I feel incredibly uncomfortable about having this difficult conversation.  In fact, I have lurked outside your classroom on 3 different occasions today just trying to get up the courage to address you in person, but I can’t do it.

Here is my concern. When I was in your classroom earlier this week, I saw several things, which are in violation of our school policies — hats, headphones, food that wasn’t a fruit or vegetable.  When I redirected your students, they indicated that this is something that is allowable in your classroom.  Can you help me to understand? Even though you and I don’t teach the same students, it’s really hard and frustrating to uphold the expectations in my classroom when others don’t do the same because it sends a message that the expectations really aren’t that important.

My intention is not to come across as hyper-critical, but rather to seek understanding and solutions. Please know that I stand on no pedestal here.  My classroom is not a perfect place; we are all “works in progress.”  I express my concerns to you based on the understanding that part of each of our jobs here is to push each other to get better at what we do.

I love working with you, and I love the ways you provide me with assistance and support.   I just didn’t feel like I could let this concern go un-discussed, and I apologize for not having the courage to do so in person.

I hope you have a wonderful break, and I look forward to seeing you next semester.

This was what I received in response:

Thank you for your candor, and you are always welcomed and invited to share your opinions and concerns with me.  I respect you and your opinions perhaps more than anyone else at this school.

Let me address your concerns although it really is just a matter of my shortcomings.

I do not allow headphones in my class, at least not normally.  On the day you were here, before your arrival, a student had asked if they could listen to headphones that day, and I said “Yes.”  Perhaps I shouldn’t have, but I felt like on that particular day it was okay for them to carve out some space for themselves to review.

As far as hats go, the problem is that I generally do not notice them.  It is like someone’s shoes, or socks, or belt–they just don’t seem to register in my active attention.  When I do notice them, I ask them to be removed.

Food is another one I struggle with.  Since Cincinnati has a 53% teen poverty rate (the second highest in the United States), I feel like I never know if a student has eaten on any given day.  Even if the school provides them with breakfast and lunch, a student may not have eaten enough calories in a 24-hour period.  Because of these things, I am always hesitant as to what I should do.

Rest assured I appreciate your input.  Out of the 20 emails that were unopened when I logged into my Inbox, yours was the first I read.  I am taking your concerns to heart.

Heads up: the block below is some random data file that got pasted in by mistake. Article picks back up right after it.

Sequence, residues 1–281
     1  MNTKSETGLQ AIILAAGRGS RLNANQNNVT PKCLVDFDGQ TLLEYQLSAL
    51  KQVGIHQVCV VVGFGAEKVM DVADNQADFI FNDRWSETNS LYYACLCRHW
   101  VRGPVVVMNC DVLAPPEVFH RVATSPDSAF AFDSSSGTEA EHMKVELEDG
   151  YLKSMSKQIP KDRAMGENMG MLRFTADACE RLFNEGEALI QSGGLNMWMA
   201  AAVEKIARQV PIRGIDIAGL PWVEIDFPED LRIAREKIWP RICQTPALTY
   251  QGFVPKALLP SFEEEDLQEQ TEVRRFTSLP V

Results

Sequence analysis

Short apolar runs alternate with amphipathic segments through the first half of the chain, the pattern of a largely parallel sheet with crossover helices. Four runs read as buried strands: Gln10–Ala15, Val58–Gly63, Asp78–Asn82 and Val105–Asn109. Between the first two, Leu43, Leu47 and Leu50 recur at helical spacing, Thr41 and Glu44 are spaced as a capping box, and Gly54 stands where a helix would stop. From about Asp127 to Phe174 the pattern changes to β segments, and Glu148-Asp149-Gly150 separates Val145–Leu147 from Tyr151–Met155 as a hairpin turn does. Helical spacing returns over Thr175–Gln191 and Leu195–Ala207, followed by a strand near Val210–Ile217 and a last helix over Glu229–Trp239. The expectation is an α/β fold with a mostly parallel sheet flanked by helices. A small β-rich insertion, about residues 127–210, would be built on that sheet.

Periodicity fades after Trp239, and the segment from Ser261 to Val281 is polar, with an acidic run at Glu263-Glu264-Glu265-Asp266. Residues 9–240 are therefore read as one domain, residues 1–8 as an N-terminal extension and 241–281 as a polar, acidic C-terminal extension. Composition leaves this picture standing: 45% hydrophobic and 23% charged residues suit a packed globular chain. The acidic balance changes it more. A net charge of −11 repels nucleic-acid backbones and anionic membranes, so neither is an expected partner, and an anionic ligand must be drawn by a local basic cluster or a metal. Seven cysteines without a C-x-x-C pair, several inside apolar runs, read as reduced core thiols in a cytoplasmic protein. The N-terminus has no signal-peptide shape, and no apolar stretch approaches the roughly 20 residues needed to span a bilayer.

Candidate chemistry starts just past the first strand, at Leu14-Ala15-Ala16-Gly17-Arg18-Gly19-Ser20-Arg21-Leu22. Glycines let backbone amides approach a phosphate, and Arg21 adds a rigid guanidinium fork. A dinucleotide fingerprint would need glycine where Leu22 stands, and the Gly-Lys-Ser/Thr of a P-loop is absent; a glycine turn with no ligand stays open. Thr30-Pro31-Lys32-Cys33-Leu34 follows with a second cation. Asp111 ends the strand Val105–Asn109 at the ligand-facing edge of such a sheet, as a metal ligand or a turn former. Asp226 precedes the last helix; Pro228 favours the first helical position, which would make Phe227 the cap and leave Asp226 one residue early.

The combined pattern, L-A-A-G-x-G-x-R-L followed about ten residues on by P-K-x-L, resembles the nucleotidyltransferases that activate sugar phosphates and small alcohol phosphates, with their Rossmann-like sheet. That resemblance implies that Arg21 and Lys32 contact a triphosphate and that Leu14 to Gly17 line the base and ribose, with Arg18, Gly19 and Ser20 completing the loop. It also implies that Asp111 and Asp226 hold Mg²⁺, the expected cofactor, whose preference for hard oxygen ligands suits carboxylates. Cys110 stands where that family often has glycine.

This wasn’t an easy exchange – they’re called “difficult conversations” for a reason. I felt a lingering sense of awkwardness in this relationship for months afterward, but it was an honest awkwardness. There was no hostile residue of unspoken concerns, nor was there any venting to others. (We all know what that sounds like, “You’ll never believe what I saw going on in so-and-so’s classroom!”) Ultimately, I may never know whether or not the issues were resolved, but that matters less to me than knowing that I directly expressed my concerns. Was it my job to address this? Some would say no. I don’t think it’s always clear, but I find myself guided by what Jack says about things like this: We must empower each other to help us get better at what we do.”

That’s the goal, of course, to get better at what we do.   Sometimes helping each other to do this feels good. Sometimes it doesn’t. The staff agreement provides guidance regarding how it is we’re supposed to “empower each other to help us get better at what we do;” it gives us parameters to fall back on when we forget what it is we are supposed to do for one another.

The Staff Agreement reminds us that . . .

  • We need to talk to each other, not about each other
  • Rather than allowing colleagues to vent to us, we need to gently prompt them to address their concerns directly
  • Much of the time when feelings are hurt, it isn’t intentional
  • Our differences make us stronger, and better able to do our jobs
  • We have a responsibility to support each other and to maintain high expectations
  • When we focus on the positive, it improves the environment for each of us

We must empower each other to help us get better at what we do.

These things are not easy to do. But they are the foundation of institutional integrity.